Brussels — Proposals made by the International Association of Insurance Supervisors’ (IAIS) in its consultation on assessing non-traditional non-insurance activities and products (NTNI) status are overly complex and require fine tuning, according to the Global Federation of Insurance Associations (GFIA).
While the IAIS was right to attempt to clarify the NTNI concept, the factors that lead to an activity being given NTNI status are difficult to measure. This raises questions about the validity of the NTNI concept. Consequently, in its response to the consultation, GFIA suggested that the IAIS should reflect further on this before pursuing the process set out in the consultation document.
Hugh Savill, chair of GFIA capital working group, said: "Uncertainty about the scope of NTNI makes it difficult to determine what the consequences will be for policyholders and insurers. It is particularly important that the NTNI concept does not result in insurers being discouraged from offering appropriate protection and savings products.”
In response to the IAIS consultation on the proposed updated assessment methodology for global systemically important insurers (G-SIIs), GFIA warned that the IAIS has not yet developed a fully effective way of determining the potential systemic risk of insurers.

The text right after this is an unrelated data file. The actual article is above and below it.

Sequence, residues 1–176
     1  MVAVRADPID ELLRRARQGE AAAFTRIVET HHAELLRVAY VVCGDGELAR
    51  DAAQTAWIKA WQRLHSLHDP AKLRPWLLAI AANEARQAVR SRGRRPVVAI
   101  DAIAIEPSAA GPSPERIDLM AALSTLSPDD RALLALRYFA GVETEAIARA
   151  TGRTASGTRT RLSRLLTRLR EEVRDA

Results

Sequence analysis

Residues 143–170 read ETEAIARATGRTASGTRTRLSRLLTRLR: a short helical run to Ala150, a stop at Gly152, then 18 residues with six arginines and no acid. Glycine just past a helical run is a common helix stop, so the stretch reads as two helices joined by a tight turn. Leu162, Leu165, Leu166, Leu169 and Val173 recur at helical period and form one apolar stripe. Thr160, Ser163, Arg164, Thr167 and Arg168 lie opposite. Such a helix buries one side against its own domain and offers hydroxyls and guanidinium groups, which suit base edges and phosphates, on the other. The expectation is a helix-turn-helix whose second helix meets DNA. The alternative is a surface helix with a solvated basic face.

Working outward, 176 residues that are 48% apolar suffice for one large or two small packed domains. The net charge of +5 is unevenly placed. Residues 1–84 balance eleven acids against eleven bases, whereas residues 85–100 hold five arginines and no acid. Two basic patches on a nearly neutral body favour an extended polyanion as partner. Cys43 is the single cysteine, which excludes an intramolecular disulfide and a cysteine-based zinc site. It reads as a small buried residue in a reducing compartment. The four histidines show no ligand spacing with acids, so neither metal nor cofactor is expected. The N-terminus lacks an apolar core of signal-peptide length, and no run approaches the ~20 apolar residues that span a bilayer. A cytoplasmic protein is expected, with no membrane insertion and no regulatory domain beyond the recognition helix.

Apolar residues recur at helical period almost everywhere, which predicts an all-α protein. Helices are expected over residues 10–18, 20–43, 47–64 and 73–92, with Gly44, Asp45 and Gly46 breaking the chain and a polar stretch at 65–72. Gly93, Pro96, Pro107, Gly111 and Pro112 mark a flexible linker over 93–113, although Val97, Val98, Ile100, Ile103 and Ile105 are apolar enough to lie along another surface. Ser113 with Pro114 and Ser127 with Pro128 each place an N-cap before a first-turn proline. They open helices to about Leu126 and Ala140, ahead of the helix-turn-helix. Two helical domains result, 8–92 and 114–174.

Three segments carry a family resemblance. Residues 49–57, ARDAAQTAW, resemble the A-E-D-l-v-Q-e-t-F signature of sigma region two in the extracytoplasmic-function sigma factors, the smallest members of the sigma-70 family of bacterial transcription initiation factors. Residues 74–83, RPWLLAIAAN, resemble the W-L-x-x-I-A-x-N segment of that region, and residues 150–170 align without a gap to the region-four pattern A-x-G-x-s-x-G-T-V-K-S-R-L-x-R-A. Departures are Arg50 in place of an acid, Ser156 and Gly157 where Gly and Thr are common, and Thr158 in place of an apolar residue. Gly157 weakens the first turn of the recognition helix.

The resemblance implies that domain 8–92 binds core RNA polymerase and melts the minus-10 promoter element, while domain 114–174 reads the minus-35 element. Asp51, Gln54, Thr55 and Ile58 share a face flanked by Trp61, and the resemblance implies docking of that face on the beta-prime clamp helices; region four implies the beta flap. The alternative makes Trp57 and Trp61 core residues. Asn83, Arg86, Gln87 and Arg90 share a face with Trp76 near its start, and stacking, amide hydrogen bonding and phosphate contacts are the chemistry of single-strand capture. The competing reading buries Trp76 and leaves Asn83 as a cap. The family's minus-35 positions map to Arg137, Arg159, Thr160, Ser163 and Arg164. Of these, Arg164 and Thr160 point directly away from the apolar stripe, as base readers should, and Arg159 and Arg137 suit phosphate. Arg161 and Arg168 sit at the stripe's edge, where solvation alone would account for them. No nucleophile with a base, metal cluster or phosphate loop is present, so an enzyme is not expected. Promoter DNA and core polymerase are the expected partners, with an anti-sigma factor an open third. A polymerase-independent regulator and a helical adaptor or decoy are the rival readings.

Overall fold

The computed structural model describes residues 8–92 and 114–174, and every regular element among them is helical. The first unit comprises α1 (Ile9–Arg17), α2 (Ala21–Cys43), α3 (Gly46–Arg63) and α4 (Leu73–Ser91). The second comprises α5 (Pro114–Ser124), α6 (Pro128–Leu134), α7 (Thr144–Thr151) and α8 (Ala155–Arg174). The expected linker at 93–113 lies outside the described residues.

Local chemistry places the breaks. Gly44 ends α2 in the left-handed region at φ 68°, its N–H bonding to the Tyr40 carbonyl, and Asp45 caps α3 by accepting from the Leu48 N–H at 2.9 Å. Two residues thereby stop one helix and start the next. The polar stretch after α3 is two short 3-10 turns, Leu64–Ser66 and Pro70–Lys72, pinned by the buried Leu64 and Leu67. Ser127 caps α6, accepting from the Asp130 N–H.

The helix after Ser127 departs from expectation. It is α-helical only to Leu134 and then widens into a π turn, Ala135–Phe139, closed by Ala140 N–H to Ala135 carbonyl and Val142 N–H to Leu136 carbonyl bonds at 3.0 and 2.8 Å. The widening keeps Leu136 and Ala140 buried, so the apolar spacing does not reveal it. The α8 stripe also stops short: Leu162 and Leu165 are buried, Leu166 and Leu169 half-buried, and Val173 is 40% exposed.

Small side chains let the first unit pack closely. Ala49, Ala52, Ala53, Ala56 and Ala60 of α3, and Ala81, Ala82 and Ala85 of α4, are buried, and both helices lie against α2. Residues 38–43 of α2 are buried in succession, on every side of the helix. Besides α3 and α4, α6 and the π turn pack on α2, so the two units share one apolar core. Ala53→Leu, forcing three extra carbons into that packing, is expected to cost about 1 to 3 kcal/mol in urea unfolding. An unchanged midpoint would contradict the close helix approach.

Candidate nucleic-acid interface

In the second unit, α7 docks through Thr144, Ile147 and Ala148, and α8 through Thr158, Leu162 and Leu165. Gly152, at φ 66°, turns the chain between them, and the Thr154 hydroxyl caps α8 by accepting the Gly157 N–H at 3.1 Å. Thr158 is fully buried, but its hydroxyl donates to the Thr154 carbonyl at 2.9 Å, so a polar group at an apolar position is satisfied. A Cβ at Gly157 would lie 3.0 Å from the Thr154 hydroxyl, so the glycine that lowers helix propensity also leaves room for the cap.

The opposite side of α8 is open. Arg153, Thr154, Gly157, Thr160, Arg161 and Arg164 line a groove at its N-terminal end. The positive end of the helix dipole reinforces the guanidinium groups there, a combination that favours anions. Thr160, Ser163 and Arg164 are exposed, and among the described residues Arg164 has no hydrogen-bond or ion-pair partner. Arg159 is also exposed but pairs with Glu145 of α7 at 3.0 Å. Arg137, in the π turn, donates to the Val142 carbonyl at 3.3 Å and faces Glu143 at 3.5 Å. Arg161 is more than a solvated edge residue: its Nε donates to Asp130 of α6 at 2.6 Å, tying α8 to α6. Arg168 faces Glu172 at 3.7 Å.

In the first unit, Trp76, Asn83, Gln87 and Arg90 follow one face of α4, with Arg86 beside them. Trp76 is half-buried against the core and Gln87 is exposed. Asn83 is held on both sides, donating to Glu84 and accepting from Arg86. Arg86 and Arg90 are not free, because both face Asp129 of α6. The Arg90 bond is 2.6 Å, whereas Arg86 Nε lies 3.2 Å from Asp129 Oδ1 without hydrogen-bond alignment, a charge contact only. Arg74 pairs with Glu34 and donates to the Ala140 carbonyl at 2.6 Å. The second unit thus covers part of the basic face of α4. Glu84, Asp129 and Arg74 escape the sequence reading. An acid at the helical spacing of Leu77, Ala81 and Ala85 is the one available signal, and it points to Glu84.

Nicolas Jeanmart, chair of GFIA’s systemic risk working group, commented: "It is important that the methodology for defining an insurer as a G-SII is based on an appropriate definition of systemic risk in insurance. In this sense, the methodology needs to differentiate between whether an insurer actually causes systemic risk, as opposed to being subject to the systemic risk of other financial institutions. In addition, an insurer’s activities must be measured in the context of the financial system as a whole, rather than relative to other insurers. The IAIS’ move toward absolute reference values for certain indicators, therefore, appears like a positive development, but a number of details still need to be clarified before a definitive appreciation of this change can be made.”